The cost of lockdown to the hospitality biz

It’s no secret that one of the industries hit hardest by lockdown restrictions is hospitality. Home-bound Aussies mean empty restaurants, bare bars and desolate cafés.

Last year, Melbourne – arguably the heart of Australia’s hospitality scene – was hit with a whopping 112-day lockdown that saw hospitality venues closed to the public, leaving takeaway and online sales the only viable options for businesses and employees wanting to earn a living. That’s excluding the four lockdowns the state has already clocked in 2021…

Unfortunately, Melbourne isn’t alone when it comes to shuttered shops. The entire nation entered lockdown in early 2020, and since then most states have suffered through their own variations of harsh restrictions, including Brisbane and Sydney who this year have endured their fair share of paused economies.

Aside from the crippling lack of foot traffic, there are a number of other costly consequences to lockdowns that have been felt across the country.

Lost profits

Every day that a hospitality venue is forced to close because of lockdown, they lose cold hard cash. Even if they’re able to quickly pivot to a temporary takeaway service or ‘essential’ grocer-style offering, a portion of profits is lost that’s impossible to recoup with COVID-19 restrictions in place.

In the case of long-term lockdowns, business owners have been given more time to adapt. However, according to the results of a Westpac survey, while almost half (44%) of Aussie SMEs have changed their business model to adapt to financial disruption caused by the COVID-19 pandemic, only 5% of food and beverage businesses were able to move online, proving just how hard hit the biz has been.

This lost profit means also lost staff, lost livings and lost business opportunities.

Business closures

Not only is the forced closure of an eatery a travesty in itself but it’s a loss felt by the entire local food scene. Walk up a street in any metropolitan city today and you’ll see more boarded up doors than dachshunds. This a tragic reality of the pressures put on business owners in Australia’s hospitality scene during the pandemic, forcing them to scrounge to cover wages, rent, utilities and produce costs, all without the firm promise of relaxed restrictions.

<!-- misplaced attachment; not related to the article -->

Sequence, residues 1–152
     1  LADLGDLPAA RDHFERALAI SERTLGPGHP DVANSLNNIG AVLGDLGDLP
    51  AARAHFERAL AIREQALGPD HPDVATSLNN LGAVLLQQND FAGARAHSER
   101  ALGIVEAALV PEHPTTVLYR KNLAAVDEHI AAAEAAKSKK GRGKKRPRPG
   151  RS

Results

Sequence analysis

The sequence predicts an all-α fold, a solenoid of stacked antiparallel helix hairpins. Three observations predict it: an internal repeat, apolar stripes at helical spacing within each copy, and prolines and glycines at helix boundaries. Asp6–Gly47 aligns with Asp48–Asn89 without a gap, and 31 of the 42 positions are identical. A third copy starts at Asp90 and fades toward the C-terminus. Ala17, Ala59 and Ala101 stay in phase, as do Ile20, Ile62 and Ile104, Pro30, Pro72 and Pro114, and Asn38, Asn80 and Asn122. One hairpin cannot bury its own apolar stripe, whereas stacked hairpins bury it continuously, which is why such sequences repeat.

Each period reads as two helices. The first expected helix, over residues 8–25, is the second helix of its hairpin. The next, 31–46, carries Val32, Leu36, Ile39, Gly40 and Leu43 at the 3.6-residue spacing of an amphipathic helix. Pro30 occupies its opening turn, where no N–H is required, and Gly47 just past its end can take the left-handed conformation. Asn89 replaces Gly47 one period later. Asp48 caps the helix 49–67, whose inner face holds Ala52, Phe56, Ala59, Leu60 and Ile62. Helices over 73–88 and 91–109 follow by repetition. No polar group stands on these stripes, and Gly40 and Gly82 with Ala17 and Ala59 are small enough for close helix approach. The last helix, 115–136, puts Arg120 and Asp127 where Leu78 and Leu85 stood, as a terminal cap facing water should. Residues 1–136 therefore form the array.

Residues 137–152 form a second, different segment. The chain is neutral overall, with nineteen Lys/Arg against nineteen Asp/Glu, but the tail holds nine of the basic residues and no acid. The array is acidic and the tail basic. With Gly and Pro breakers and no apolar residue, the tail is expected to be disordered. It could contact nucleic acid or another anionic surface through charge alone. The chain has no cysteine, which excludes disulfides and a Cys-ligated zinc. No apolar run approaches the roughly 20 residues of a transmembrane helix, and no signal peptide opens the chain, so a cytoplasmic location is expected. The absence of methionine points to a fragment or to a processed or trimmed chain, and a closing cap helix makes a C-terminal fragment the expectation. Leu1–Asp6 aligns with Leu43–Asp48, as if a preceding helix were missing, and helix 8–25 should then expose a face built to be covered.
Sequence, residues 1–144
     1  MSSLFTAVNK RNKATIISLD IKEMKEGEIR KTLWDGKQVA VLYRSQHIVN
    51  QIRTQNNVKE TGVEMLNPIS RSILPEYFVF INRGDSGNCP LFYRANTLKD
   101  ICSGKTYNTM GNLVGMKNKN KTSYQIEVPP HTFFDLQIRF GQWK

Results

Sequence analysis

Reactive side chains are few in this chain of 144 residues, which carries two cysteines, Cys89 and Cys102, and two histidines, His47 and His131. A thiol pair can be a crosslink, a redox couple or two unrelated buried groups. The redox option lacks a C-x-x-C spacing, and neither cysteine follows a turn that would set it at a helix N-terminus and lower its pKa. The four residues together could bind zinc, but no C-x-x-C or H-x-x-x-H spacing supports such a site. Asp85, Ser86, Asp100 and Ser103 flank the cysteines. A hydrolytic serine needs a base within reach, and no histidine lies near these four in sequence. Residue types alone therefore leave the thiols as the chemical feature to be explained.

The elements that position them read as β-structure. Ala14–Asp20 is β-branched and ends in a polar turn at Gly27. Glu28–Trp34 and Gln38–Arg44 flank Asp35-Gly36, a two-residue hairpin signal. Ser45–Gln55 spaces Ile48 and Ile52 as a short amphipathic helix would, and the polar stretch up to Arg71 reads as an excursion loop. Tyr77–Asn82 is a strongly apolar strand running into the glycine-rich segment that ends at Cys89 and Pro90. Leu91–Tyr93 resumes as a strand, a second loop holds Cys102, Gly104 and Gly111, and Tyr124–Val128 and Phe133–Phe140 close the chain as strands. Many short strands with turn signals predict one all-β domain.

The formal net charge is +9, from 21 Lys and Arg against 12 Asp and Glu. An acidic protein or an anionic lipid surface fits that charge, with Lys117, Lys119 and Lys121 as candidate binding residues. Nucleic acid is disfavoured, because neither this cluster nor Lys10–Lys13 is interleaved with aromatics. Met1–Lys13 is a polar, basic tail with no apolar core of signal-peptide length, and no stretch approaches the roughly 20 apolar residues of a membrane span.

But the effects of business closures don’t end with those directly involved. For every business forced to shut its doors, the surrounding eateries suffer, too. No patrons to one business, means lost foot traffic to those surrounding it. In the long-run, it also means our vibrant food scene loses a beloved little tile in its colourful cultural mosaic.


Casual workers are the heart and soul of the hospitality industry. They give it the passion, freshness and flexibility it’s known for. But they were also the first to feel the pain of the pandemic, working for an industry that never achieved its ‘essential business’ status.

Even when the tail end of 2020 saw 78% of the job vacancies lost since March recovered again, and GDP take a much needed upward turn, hospitality workers were still down 64,000.

Food wastage

While us mere mortals paid the price for the extended lockdowns (often with our sanity), it’s the food and beverage industry that paid the ultimate price for the snap lockdowns. $30 million worth of fresh produce to be exact was dumped in Victoria’s snap five-day Valentine’s lockdown earlier this year. A lockdown that was also said to cost the entire industry a whopping $100 million in overall revenue.

Venues did their best to remain agile in the wake of the announcement, offering ‘romantic at-home feed me menus’ where feasible, but the bulk of what was ordered ahead of the loved-up weekend was – tragically – abandoned to the bin.

Heyo! Payo’s here to help

We may be a fresh brand but payo is a team of hospo veterans. We live and breathe the industry, so we can empathise with the pain caused by recent months. But it’s also why we’re proud to put payo in the palms of hungry Australians –  because bite-by-bite, we’re reawakening our country’s appetite for eating out, and helping to rebuild the local businesses we love.

We understand that money is tight now – for venues and patrons alike. So, by giving people the chance to eat now and pay later, we’re doing our bit to take the financial pressure off our customers, and put more bums on seats in local businesses.

Ready to add your venue’s name to the long list of local bars and eateries in Brisbane, Melbourne, and Sydney? Join us at the table (and on the app!) by enquiring here.

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